11.12.09

Obama: "use of force not only necessary but morally justified."

Years ago I argued that the individual's only recourse left, in countries ruled by totalitarian regimes, is the use of violence. Apologists of Hugo Chavez, by definition a totalitarian dictator, have thought that citing me out of context somewhat invalidates me, and my opinions. In the course of the last few years though, we have observed a profound radicalisation of Hugo Chavez, who has gone from coup leader to mad dictator, openly supporting totalitarian regimes, and terrorist organisations around the world.

Obama's Nobel Peace Prize acceptance speech yesterday in Oslo, contains what would amount to a justification of war on certain moral grounds. Obama went on to say that King's or Gandhi's non-violent movements could not have defeated Hitler. And right he is. For both King and Gandhi confronted governments that were, at the very least, aware of the existence of human rights, even if, in practice, these were systematically violated in the case of some ethnic groups. To believe that Jews would have defeated, undermined, or somewhat weakened Hitler, by staging non-violent protests, is a mistake. A more contemporary example is that of Cuba, where human rights and democratic groups find themselves at the complete mercy of Fidel Castro, his brutally repressive security and intelligence apparatus. Certain people/groups simply refuse to accept the other on equal terms. If follows that consideration for the other's rights is, quite simply, out of the question.

The Nazis considered Jews to be sub human beings. Islamic fundamentalists are convinced that infidels are just as much. Terrorists tend to have similar positions. In such cases, dialogue is entirely pointless. One of Hugo Chavez defining characteristics is precisely his warped understanding of democracy and human rights. For Chavez sees these as mere tools, as convenient formulas to solve certain issues. For instance, Hugo Chavez has said that Colombian narcoterrorists deserve recognition and belligerent status. Hugo Chavez has claimed that Carlos The Jackal is one of Venezuela's revolutionary heroes. But he flatly refuses to grant equal consideration to Venezuelan political opponents, even when democratically elected. What this means is that, in practical terms, Hugo Chavez has the same consideration, for what he perceives as his enemies, than that of those who perpetrate abominable crimes for ideological reasons. Furthermore, Chavez thinks of his political opponents in clearly fascist terms. Let us not forget that Chavez himself is directly responsible for many deaths, occurred in 1992 and 2002.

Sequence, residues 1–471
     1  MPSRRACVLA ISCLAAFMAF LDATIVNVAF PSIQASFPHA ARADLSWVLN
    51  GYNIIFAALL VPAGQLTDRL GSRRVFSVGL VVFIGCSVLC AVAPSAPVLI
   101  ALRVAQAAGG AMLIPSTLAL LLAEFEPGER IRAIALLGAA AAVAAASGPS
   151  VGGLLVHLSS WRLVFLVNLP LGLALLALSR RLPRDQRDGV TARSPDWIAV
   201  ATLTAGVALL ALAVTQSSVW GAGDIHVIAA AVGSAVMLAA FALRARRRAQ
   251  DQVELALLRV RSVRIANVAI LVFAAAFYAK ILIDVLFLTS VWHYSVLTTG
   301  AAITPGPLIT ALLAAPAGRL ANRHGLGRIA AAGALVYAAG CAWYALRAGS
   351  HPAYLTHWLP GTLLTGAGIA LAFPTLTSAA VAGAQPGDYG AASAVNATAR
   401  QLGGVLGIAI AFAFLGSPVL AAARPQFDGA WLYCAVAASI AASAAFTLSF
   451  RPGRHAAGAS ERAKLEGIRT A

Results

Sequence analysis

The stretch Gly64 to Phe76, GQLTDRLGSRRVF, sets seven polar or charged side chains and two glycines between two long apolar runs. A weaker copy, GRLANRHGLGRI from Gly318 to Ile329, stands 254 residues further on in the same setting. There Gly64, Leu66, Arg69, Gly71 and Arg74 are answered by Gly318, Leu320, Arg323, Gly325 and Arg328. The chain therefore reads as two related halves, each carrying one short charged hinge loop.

Obama said something that ring true: "For make no mistake:  Evil does exist in the world.  A non-violent movement could not have halted Hitler's armies.  Negotiations cannot convince al Qaeda's leaders to lay down their arms.  To say that force may sometimes be necessary is not a call to cynicism -- it is a recognition of history; the imperfections of man and the limits of reason." I would have thought he was talking about Venezuela and chavismo, and can only add that I find myself in complete agreement with what Obama said yesterday.

2 comments:

Angel Garzón said...

Obama said what he had no choice BUT to say in order to justify his boondoggles on the "man made catastrophe" - that's terrorism to the rest of us - he has to face as President of the USA , I cannot and will not EVER agree with anything said, implied or suggested by any Marxist, period, even if by any chance we may coincide in our opinions, hypocrisy is hypocrisy, a derivative of deception, Obama is a Marxist deceiver.

Alek Boyd said...

Angel, stating "I cannot and will not EVER..." puts you in an impossible, and untenable, position. I have had my differences with people on the right of the spectrum for stating that I do agree with some of the things or actions of Obama. I'll give three examples: handshake to Chavez, Honduras and now Nobel speech. Generalisations never work, ever. You can't issue such wholesale dismissals, and pretend to be taken differently from the very Marxists you're criticising.